Frequently Asked Questions About HIPAA Business Associates

The Health Insurance Portability and Accountability Act has two major purposes. It’s to provide health insurance coverage to workers who lost their jobs or have moved to another company. It also reduces healthcare costs by standardizing the electronic transmission of healthcare-related data.

The HIPAA is more known now for its robust standards for patient data privacy. Its Privacy Rule and Security Law details its standards to protect an individual’s Protected Health Information (PHI) and electronic PHI.

Business associates are required to be HIPAA compliant. However, many people are confused as to what standards and rules of the HIPAA cover business associates. Companies working in the healthcare industry have to provide HIPAA training for business associates to ensure their employees understand and follow compliance rules.

Training might not cover all the details or situations a business associate encounters. This article will answer some frequently asked questions regarding it.

What Information is Covered in HIPAA?

HIPAA Privacy Rule safeguards all the patient’s identifiable health information. It covers data in any form, from paper to oral and digital. PHI also includes, but is not limited to, the following:

●     Patient’s name, age, birth date, address, government-mandated numbers (ex. social security), or biometric identifiers

●     Patient’s past, current, and future mental or physical health condition

●     Any care or treatment is given to the patient

●     Payment information that can identify the patient

●     Any information that can be reasonably used to identify the patient

What is the Purpose of a Business Associate with Regards to HIPAA?

A business associate (BA) is a person or company that could receive access to a patient’s PHI to do a specific task. Covered entities like hospitals and doctors often use BA to do a job on their behalf.

One example is a hospital hiring an IT consultant to streamline its administrative system. Accounting firms, law firms, and software providers can be business associates.

A covered entity has to enter into a Business Associate Agreement (BAA) with each business associate they hire. The contract defines how the BA will use and disclose PHI and ensures compliancy.

Does a Health Provider Need a BAA to Work With Another Provider?

A doctor doesn’t need a BAA to disclose a patient’s medical condition to another doctor. They also don’t need to get the patient’s authorization. For one, any health provider is a covered entity. A BAA is only for a third-party company.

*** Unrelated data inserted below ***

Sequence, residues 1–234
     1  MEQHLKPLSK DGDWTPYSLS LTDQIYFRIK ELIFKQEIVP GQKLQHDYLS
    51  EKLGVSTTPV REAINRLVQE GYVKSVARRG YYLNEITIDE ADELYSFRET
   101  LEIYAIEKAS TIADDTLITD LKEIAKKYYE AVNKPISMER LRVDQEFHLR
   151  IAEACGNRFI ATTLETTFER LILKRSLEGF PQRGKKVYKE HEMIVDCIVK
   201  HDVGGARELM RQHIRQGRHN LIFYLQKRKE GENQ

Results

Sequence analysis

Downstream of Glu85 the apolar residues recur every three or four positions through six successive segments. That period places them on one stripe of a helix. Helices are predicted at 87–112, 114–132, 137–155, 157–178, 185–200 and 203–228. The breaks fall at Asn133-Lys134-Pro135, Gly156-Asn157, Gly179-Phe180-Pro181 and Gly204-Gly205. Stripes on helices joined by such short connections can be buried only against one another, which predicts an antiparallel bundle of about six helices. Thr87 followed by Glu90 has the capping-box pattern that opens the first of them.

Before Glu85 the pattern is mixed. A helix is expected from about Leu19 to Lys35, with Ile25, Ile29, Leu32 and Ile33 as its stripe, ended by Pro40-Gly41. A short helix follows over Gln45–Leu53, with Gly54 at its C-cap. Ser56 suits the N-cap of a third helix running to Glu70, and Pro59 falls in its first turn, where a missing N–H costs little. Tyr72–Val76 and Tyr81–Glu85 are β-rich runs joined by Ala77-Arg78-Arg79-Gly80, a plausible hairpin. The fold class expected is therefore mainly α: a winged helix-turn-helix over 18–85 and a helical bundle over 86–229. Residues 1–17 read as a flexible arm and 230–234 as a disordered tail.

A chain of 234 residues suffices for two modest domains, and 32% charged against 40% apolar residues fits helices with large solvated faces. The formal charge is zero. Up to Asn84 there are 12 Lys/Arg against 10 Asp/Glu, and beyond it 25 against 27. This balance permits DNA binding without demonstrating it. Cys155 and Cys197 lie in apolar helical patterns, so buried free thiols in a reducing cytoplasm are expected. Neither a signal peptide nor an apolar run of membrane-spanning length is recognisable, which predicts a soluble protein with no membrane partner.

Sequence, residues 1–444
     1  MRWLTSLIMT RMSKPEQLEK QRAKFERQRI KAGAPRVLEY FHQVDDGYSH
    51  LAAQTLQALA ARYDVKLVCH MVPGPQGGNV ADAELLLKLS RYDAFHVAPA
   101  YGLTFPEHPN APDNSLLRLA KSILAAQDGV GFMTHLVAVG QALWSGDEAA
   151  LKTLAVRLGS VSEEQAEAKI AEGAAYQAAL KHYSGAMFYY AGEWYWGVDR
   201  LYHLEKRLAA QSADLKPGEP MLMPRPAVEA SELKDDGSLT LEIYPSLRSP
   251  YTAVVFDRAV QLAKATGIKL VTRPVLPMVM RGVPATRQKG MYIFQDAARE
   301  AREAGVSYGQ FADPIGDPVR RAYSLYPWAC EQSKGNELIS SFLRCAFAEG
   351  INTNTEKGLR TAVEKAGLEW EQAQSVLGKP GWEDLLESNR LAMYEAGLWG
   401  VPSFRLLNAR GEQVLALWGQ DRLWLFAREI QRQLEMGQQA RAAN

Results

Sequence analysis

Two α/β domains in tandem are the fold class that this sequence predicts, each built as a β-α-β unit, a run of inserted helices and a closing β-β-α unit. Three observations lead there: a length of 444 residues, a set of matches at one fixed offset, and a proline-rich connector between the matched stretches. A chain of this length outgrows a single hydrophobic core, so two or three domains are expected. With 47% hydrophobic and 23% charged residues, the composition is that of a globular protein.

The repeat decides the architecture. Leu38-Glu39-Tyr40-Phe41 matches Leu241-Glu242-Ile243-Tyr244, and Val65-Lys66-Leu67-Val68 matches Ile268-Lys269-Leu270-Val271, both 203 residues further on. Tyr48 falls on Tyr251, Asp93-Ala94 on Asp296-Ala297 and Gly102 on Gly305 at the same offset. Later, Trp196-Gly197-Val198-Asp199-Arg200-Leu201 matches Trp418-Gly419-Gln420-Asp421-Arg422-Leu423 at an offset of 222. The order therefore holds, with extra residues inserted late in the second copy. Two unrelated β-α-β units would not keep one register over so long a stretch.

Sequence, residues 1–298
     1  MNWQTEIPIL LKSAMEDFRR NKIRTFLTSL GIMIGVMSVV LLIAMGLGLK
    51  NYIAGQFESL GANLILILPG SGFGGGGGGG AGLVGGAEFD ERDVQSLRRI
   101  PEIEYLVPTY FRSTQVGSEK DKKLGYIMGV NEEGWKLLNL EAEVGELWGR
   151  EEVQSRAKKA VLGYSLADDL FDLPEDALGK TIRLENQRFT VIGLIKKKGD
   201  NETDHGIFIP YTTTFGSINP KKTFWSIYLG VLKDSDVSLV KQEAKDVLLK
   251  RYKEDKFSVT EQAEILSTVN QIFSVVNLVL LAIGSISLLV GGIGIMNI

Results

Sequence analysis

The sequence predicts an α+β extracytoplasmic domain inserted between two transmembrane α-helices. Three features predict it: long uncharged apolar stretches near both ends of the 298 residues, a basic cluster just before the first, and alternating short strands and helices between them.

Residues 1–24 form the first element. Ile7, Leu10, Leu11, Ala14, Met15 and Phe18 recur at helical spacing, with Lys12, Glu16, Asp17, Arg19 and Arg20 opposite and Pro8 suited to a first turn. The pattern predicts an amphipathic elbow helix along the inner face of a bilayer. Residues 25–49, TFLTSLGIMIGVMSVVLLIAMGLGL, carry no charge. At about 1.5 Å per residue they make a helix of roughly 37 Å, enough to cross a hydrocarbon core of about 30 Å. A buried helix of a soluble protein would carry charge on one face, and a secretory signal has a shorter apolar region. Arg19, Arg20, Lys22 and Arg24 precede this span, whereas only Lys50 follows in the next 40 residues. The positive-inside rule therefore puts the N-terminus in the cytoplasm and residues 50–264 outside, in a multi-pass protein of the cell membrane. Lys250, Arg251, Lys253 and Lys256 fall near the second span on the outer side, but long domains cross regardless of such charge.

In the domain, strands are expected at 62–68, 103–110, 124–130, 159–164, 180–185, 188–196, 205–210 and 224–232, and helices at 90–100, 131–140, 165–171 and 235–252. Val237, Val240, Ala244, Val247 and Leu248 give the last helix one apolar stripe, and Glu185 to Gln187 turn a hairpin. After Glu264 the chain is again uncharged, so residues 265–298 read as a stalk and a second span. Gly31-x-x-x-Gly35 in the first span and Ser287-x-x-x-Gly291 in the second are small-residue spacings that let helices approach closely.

However, there are strict rules on disclosing a patient’s information. The doctor can only discuss a patient with a fellow health provider during treatment consultations. They should also be in a private setting with a low risk of being overheard.

Is an Employment Agency Providing Assistants a Business Associate?

Yes, an employment agency can be considered a business associate. But the agency must be performing a service on behalf of a health organization or covered entity. For example, the employment agency will send an administrator who will handle the front desk and other administrative work. The temporary worker will be given access to PHI and be under the direct control of the hospital, clinic, or doctor.

What Should a Business Associate Do If It Uncovers a Security Breach?

A business associate is required by the HIPAA Breach Notification Rule to report the breach to the covered identity. It should inform the covered entity without delay or not later than 60 days after discovering the breach.

The business associate must also provide the covered entity with as much information as possible. They must give the following details:

●     Identity of each person whose PHI was compromised (or whom the business associate believes might be exposed)

●     Other information the covered entity must include in their notification

The covered entity is responsible for notifying the affected party and the US Department of Health and Human Services (HHS) of the breach.

What Happens to PHI When the BAA Ends?

If possible, the business associate must return or destroy the PHI at the end of their BAA. The company is not allowed to keep any copy of the PHI. But if it’s not feasible to destroy or return records, the business associate must continue safeguarding the PHI as required by the BAA.

The business associate must not use or transmit the PHI for any purpose. The only instance they can use the PHI is for the reasons that made the destruction or return of the PHI impossible.

Complying with the HIPAA is critical for business associates. Failure to do so results in severe penalties. Undergoing HIPAA training for business associates can help the company perform to the expected standards.

Vivek is a published author of Meidilight and a cofounder of Zestful Outreach Agency. He is passionate about helping webmaster to rank their keywords through good-quality website backlinks. In his spare time, he loves to swim and cycle. You can find him on Twitter and Linkedin.